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And sleep in spight of thunder. [Thunders. Apparition of a child crowned, with a tree in his hand, rises.
friend Mr. Warburton, and he gave me the following solution. “Did “our author only use it for show, we should not, I think, quarrel “ with him for it. But on examination you will find, that the In“signia of these three ghosts exačtly answer to their speeches. The “ first bids Macbeth beware of Macduff; this is therefore an armed “ head, the emblem of caution, and circumspection. The second “ghost encourages him to perfist in his bloody courses; for none of “ woman born shall harm him. This ghost has therefore the figure “ of a bloody child: infinuating, that the height of barbarity is the “ murder of children. The third ghost tells him, He should never be vanquish'd till Bir nam-wood remov’d from its situation : and “ conformably to the subjećt of its speech, It has a branch in its hand and is crown'd; insinuating, that he should wear the crown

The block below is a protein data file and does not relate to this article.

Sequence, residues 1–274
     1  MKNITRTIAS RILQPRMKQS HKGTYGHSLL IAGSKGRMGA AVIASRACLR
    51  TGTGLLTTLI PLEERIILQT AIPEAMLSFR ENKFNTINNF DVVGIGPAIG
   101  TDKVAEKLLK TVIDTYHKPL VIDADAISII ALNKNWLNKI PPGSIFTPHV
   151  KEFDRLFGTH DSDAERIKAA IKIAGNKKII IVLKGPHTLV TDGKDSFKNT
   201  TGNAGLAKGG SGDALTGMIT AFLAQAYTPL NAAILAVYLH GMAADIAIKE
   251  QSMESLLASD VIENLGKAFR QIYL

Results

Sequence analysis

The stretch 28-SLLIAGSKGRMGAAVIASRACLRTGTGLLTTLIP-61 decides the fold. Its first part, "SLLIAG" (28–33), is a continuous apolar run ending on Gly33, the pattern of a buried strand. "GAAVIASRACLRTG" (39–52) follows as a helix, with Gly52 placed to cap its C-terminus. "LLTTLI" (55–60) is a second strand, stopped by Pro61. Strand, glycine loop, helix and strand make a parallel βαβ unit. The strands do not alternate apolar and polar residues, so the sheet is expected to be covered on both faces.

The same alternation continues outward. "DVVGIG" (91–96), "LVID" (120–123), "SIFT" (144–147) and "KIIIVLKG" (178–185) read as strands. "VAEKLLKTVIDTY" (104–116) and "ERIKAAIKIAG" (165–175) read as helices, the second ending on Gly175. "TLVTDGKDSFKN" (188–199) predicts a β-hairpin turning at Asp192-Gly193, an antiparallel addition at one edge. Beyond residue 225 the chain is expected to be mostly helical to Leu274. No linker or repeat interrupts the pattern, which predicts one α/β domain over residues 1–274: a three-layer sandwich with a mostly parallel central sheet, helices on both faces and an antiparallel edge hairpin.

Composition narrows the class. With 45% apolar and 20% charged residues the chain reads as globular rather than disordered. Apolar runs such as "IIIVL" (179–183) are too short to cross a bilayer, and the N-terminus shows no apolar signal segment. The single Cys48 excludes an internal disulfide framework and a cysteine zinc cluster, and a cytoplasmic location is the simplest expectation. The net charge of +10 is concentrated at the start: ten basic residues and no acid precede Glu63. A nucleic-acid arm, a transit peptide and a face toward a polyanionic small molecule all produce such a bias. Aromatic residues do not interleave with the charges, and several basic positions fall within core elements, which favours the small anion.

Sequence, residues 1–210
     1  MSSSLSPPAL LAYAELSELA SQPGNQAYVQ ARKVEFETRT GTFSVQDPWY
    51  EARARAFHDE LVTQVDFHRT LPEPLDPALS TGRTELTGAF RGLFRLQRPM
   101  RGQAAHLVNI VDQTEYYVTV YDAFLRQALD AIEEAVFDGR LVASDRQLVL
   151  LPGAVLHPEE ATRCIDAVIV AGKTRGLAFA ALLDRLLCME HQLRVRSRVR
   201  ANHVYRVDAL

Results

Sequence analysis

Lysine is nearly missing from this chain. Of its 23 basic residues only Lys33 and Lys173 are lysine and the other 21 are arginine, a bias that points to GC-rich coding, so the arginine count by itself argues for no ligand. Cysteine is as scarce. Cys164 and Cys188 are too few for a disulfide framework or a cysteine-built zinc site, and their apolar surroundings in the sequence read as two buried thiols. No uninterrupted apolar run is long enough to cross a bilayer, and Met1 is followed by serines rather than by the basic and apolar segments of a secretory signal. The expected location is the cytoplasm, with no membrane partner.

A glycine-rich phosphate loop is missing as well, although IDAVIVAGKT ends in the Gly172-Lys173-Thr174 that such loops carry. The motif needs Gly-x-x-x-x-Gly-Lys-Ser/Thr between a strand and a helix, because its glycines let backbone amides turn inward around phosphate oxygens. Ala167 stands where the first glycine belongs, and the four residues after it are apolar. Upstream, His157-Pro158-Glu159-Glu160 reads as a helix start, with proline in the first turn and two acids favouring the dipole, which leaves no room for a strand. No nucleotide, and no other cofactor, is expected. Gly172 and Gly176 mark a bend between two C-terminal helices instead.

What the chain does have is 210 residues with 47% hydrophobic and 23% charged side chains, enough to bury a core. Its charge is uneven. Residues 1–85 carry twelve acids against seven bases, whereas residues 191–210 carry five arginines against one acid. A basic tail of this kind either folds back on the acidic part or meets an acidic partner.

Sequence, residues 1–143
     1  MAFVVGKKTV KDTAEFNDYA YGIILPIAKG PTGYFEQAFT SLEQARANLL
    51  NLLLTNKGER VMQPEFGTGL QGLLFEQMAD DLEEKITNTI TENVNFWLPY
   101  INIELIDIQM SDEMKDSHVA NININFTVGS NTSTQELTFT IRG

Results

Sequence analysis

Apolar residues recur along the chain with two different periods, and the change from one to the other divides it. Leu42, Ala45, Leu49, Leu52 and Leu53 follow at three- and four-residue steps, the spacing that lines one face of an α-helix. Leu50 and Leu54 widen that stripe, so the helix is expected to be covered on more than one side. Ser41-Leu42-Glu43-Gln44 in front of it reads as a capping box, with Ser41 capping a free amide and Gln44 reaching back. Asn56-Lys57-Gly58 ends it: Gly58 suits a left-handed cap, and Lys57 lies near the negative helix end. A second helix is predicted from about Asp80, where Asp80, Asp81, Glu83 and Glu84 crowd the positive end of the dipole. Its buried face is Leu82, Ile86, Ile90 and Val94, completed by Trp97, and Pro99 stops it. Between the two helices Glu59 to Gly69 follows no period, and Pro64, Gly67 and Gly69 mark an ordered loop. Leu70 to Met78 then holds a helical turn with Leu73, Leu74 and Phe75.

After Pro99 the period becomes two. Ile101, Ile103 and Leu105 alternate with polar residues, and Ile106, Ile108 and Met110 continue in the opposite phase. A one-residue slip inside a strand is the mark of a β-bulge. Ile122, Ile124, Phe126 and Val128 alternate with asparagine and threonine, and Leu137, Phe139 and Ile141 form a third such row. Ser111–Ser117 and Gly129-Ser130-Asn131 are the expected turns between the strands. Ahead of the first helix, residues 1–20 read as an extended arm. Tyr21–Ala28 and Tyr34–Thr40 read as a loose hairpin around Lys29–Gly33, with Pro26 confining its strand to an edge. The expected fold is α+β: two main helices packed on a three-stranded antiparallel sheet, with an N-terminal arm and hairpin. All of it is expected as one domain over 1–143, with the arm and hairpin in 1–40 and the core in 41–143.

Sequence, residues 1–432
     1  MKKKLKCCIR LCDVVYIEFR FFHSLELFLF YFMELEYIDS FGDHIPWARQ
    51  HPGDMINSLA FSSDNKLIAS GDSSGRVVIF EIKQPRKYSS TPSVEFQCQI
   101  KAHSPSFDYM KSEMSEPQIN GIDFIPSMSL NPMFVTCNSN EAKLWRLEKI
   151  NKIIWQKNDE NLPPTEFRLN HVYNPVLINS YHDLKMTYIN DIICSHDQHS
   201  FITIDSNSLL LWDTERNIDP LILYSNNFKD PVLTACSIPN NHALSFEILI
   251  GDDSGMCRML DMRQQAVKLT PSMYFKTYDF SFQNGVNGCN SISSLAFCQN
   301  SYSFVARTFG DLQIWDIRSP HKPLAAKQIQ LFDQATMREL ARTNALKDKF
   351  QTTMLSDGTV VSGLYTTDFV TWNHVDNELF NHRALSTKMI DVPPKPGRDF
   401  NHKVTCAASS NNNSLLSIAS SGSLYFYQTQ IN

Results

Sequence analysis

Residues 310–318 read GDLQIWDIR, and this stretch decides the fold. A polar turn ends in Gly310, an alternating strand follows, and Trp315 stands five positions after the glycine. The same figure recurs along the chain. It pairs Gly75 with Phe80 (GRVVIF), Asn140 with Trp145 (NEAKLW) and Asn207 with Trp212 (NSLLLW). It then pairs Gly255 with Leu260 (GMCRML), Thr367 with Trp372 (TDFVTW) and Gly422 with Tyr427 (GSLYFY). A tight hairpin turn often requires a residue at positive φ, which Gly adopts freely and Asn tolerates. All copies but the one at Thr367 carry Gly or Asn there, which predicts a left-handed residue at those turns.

* till Birnam-wood remov’d.” All.
(35) Eight Kings appear, and pass over in order, and Banquo las, with a glass in bis band...] The editors could not help blundering even in this stage-direction. For 'tis not Banquo, who brings the glass; tas is evident frem the following speech : And yet the eighth appears, who bears a glass Which shews me many more:--—and some I see, That twofold balls, and treble scepters carry. I have quoted the last line, because it will not be amiss to observe, that this fine play, 'tis probabie, was not writ till after Q. Elizabeth's death. These apparitions, tho’ very properly shewn with regard to Macbeth, yet are more artfully so, when we confider the address of the poet in complimenting K. james I. here upon his uniting ScotLand to England; and when we consider too, that the family of the Stuarts are said to be the direét descendants of Banquo.